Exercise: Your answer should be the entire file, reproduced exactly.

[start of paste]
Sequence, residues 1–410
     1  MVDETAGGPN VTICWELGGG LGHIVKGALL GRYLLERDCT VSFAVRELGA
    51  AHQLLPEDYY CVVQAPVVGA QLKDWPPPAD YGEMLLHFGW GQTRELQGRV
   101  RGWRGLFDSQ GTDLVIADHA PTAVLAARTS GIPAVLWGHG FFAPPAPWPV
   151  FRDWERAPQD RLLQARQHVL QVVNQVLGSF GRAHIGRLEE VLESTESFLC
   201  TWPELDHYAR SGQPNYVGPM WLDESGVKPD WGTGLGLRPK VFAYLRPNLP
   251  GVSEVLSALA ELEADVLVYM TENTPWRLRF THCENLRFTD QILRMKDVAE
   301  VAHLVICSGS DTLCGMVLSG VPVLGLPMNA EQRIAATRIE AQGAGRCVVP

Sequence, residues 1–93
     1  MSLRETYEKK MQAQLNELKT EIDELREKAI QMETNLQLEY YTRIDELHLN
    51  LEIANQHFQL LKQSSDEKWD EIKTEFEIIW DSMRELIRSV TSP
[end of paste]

Sequence, residues 1–410
     1  MVDETAGGPN VTICWELGGG LGHIVKGALL GRYLLERDCT VSFAVRELGA
    51  AHQLLPEDYY CVVQAPVVGA QLKDWPPPAD YGEMLLHFGW GQTRELQGRV
   101  RGWRGLFDSQ GTDLVIADHA PTAVLAARTS GIPAVLWGHG FFAPPAPWPV
   151  FRDWERAPQD RLLQARQHVL QVVNQVLGSF GRAHIGRLEE VLESTESFLC
   201  TWPELDHYAR SGQPNYVGPM WLDESGVKPD WGTGLGLRPK VFAYLRPNLP
   251  GVSEVLSALA ELEADVLVYM TENTPWRLRF THCENLRFTD QILRMKDVAE
   301  VAHLVICSGS DTLCGMVLSG VPVLGLPMNA EQRIAATRIE AQGAGRCVVP

Sequence, residues 1–93
     1  MSLRETYEKK MQAQLNELKT EIDELREKAI QMETNLQLEY YTRIDELHLN
    51  LEIANQHFQL LKQSSDEKWD EIKTEFEIIW DSMRELIRSV TSP